We left university and got jobs that, just a few years before, had been reserved for men. Our workdays had clear beginning and ending hours, and finishing with just one university degree was your ticket to a well-paid career. We drank coffee and didn’t have to make it as well. We married sensitive guys, who could get their own slippers and knew how to clean up after themselves. We kept our maiden names.
We were able to keep working through pregnancy, and just in the nick of time, the law improved for us new moms, and we were the first generation to have a year of paid leave and bond with our newborns. We breastfed anywhere and everywhere we could, and for as long as we wanted, much to the shock of older people who saw us lift our tops and commence with lunch. The rest we stored in our freezer and pulled out for daycare. We were allowed to return to the workforce, with no penalty for giving birth, our pay and tenure intact. We job shared. Demanding our time was too precious to spend just working, our bosses obliged. We threw enormous energy into our careers, often being the breadwinner, and had our own bank accounts, credit scores and mortgages. We juggled home and office and spent countless hours chauffeuring our children to all those extra circular activities because the streets, where we played knock-a-door Ginger were suddenly unsafe to play in, with released pedophiles living on every block. We didn’t have cell phones to disrupt us.
We turned the music up in our cars, and rolled down the windows, and had a lot of fun. We raised strong confident girls, who could be astronauts or accountants, and considerate kind boys who knew how to cook and take care of themselves. We pushed as hard as we could in the corporate world; acquiring a few bruises from the glass ceiling (which ended up being much lower than advertised), we climbed as far as we could and made a few bucks along the way.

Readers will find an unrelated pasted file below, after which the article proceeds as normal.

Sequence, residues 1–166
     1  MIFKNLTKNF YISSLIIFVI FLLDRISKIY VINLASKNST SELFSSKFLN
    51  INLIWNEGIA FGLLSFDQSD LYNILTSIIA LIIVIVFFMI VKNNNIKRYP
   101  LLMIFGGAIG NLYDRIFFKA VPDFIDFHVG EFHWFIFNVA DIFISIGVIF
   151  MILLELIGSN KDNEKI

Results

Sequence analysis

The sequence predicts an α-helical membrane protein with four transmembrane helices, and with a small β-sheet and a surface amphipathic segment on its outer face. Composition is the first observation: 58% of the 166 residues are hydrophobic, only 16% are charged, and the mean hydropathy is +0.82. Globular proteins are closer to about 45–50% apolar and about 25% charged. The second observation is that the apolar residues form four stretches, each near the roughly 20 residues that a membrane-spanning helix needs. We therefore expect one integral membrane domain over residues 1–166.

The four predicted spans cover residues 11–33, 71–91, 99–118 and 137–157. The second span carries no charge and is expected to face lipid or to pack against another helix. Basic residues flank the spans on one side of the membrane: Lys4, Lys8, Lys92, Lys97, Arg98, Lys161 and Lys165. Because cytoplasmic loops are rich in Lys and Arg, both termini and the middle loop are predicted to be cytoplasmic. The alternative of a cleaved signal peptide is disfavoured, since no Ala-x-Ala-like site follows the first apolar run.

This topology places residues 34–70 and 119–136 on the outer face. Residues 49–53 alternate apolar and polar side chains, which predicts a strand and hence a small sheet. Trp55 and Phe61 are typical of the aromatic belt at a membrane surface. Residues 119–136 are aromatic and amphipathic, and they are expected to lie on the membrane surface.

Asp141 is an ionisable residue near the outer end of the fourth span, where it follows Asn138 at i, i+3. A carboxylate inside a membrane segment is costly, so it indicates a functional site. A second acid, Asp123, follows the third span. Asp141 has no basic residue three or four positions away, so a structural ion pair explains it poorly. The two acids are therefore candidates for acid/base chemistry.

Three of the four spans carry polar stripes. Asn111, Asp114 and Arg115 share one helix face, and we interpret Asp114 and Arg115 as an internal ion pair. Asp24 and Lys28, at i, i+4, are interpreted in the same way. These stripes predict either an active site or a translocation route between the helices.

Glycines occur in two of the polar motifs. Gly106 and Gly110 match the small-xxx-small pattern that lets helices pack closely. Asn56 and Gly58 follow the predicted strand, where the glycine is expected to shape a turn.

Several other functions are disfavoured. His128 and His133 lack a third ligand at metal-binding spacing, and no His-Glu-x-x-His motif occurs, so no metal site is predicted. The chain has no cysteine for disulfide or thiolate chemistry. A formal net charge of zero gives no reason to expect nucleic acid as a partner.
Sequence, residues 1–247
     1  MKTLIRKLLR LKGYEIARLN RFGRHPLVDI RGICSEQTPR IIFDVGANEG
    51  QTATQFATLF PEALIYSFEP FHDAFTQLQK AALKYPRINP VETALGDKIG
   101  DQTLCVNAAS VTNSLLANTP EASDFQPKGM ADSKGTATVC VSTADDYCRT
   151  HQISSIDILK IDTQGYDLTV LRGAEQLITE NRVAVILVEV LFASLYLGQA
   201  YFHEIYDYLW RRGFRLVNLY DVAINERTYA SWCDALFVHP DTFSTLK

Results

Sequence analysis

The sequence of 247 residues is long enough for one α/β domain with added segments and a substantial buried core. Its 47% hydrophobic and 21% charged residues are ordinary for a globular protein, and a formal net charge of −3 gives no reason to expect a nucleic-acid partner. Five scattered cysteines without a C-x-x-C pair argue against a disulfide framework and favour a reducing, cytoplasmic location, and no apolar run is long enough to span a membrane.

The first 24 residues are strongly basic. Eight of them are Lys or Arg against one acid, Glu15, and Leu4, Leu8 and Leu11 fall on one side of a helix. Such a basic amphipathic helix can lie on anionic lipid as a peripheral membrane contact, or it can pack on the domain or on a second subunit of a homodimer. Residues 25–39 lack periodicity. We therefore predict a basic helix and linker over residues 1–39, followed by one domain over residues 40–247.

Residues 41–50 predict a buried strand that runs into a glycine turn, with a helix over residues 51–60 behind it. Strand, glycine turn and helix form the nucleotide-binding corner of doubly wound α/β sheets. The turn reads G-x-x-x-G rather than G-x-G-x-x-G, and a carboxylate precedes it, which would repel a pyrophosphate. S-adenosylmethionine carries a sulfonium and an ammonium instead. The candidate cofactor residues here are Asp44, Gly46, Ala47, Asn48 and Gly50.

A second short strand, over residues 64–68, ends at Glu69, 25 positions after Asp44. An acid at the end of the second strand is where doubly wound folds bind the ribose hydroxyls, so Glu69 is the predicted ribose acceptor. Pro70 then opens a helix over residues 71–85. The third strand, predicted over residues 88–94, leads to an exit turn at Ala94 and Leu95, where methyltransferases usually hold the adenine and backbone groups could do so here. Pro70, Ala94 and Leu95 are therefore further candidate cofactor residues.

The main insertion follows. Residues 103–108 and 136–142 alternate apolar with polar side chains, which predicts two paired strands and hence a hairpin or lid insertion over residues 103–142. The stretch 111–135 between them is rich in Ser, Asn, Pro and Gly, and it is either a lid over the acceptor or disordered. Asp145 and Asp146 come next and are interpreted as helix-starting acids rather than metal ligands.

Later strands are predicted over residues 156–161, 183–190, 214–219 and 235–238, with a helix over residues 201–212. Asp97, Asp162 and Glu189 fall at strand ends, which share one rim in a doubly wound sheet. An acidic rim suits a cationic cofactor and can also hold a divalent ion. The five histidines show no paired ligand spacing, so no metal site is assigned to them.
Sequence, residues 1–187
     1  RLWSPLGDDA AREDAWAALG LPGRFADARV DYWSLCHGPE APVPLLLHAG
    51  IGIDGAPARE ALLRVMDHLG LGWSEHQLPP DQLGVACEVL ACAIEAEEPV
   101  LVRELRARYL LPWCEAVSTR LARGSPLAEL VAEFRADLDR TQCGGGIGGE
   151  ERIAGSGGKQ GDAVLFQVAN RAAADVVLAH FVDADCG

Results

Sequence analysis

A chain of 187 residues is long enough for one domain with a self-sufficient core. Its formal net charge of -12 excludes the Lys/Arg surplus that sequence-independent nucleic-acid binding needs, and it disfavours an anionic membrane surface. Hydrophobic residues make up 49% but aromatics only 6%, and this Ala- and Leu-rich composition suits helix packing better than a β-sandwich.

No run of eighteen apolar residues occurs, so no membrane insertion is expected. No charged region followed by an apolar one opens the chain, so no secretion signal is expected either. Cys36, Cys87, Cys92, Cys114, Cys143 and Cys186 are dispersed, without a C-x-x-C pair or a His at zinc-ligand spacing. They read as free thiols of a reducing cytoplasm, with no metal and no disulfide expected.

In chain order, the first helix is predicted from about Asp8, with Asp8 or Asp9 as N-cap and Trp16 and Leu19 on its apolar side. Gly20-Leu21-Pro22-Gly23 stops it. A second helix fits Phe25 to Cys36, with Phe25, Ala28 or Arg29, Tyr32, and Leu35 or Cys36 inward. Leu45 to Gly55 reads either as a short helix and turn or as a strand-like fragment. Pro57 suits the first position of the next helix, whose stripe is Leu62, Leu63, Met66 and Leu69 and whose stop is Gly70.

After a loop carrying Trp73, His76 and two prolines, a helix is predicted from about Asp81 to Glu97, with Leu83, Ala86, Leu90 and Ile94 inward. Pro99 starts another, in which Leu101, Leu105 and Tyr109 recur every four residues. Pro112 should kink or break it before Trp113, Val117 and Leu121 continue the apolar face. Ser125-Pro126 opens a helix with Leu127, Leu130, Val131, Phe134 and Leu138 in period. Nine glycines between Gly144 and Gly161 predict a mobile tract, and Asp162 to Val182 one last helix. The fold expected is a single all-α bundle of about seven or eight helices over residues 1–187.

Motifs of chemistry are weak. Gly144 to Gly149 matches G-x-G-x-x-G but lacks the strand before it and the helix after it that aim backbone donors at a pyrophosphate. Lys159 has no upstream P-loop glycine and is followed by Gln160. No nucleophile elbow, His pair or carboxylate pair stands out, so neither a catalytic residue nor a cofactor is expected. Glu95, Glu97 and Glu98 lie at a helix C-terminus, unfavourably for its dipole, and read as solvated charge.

So why would we lie down now? We were the women who proudly showed our pregnant bellies, while our mothers were forced to run home to hide. We were the women who demanded we be paid as much as the boys. We were the women who juggled work and family and danced far faster than any other women in history.
Why would we lie down now? THAT makes no sense. That storm of women trailblazers who had marked our route into puberty, prime, and beyond, has quietly slipped around a bend in the road and vanished. Most have died. Their rabble-rousing never made it to our new age of midlife. This was as far as they came. The rest, the future of our age, is up to us to write. And there is a lot of work to do.
We see the world changing, and not for the better. The earth is beginning a new cycle, make no mistake about it. It will be more challenging for all women as our planet moves into this new phase. We grew up with rivers and lakes we could swim in, and drank water from the hose. We ate vegetables with real nutrients from soil that didn’t make you sick. If ever dear Mother Earth needed some female nurturing, the time is now. Perhaps that is part of our midlife’s true calling – to help heal the earth as only the mature wisdom keepers of the planet can do. We, the elder women, who know the wonder of creation and all it brings.
This is our time to understand the real potential of Midlife and we have been preparing for this time, our entire lives. Midlife, this sacred gift, possesses the wisdom to improve our world, our children’s world and re-live some fashions along the way. Now, is our turn to lay some trails for younger women to follow. Now is our turn to lead by example, demanding a less age-angst world, where our value increases over time, like gold, and heirloom treasures. To never lie or deny our age, as doing so only contributes to this sickness, this obsession with youth, that threatens to make growing older, abnormal. This is our time to speak up for wisdom and elder knowledge, or it is at risk of disappearing. This is your midlife, stake it, claim it, treasure it, respect it, and dress for it, my sisters, in those favorite pants that are coming full circle, and back in style again.
Leigh Morrow, co-author of “Just Push Play” (www.jppmidlife.com) is a Vancouver writer who operates Casa Mihale, a vacation rental in the quaint ocean-front community of San Agustinillo, Mexico. Her house can be rented at www.gosanagustinillo.com